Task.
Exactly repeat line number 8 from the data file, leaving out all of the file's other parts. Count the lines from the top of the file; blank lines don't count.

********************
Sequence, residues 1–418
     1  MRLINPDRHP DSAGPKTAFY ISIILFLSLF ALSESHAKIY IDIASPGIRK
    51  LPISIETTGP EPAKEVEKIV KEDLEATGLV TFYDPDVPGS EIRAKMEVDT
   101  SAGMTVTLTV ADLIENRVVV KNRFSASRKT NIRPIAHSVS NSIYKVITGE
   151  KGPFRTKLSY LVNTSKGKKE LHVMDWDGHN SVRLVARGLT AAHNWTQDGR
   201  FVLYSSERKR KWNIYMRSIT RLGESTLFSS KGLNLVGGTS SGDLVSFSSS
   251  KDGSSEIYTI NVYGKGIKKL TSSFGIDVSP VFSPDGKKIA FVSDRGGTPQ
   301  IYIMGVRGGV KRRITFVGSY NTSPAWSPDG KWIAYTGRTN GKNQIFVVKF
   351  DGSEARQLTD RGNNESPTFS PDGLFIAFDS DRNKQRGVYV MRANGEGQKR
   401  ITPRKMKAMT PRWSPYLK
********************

   301  IYIMGVRGGV KRRITFVGSY NTSPAWSPDG KWIAYTGRTN GKNQIFVVKF